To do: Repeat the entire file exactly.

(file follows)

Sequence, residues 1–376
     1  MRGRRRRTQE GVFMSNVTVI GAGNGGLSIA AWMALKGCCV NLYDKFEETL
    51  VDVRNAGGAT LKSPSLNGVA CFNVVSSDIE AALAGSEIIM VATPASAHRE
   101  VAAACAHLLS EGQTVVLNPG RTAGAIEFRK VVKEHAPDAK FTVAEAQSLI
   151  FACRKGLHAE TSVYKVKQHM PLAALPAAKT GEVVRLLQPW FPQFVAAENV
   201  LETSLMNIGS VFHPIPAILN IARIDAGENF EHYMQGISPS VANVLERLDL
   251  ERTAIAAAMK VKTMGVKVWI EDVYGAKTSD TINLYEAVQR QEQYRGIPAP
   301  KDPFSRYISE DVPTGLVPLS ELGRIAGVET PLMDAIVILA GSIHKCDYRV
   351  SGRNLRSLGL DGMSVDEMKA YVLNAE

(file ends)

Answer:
Sequence, residues 1–376
     1  MRGRRRRTQE GVFMSNVTVI GAGNGGLSIA AWMALKGCCV NLYDKFEETL
    51  VDVRNAGGAT LKSPSLNGVA CFNVVSSDIE AALAGSEIIM VATPASAHRE
   101  VAAACAHLLS EGQTVVLNPG RTAGAIEFRK VVKEHAPDAK FTVAEAQSLI
   151  FACRKGLHAE TSVYKVKQHM PLAALPAAKT GEVVRLLQPW FPQFVAAENV
   201  LETSLMNIGS VFHPIPAILN IARIDAGENF EHYMQGISPS VANVLERLDL
   251  ERTAIAAAMK VKTMGVKVWI EDVYGAKTSD TINLYEAVQR QEQYRGIPAP
   301  KDPFSRYISE DVPTGLVPLS ELGRIAGVET PLMDAIVILA GSIHKCDYRV
   351  SGRNLRSLGL DGMSVDEMKA YVLNAE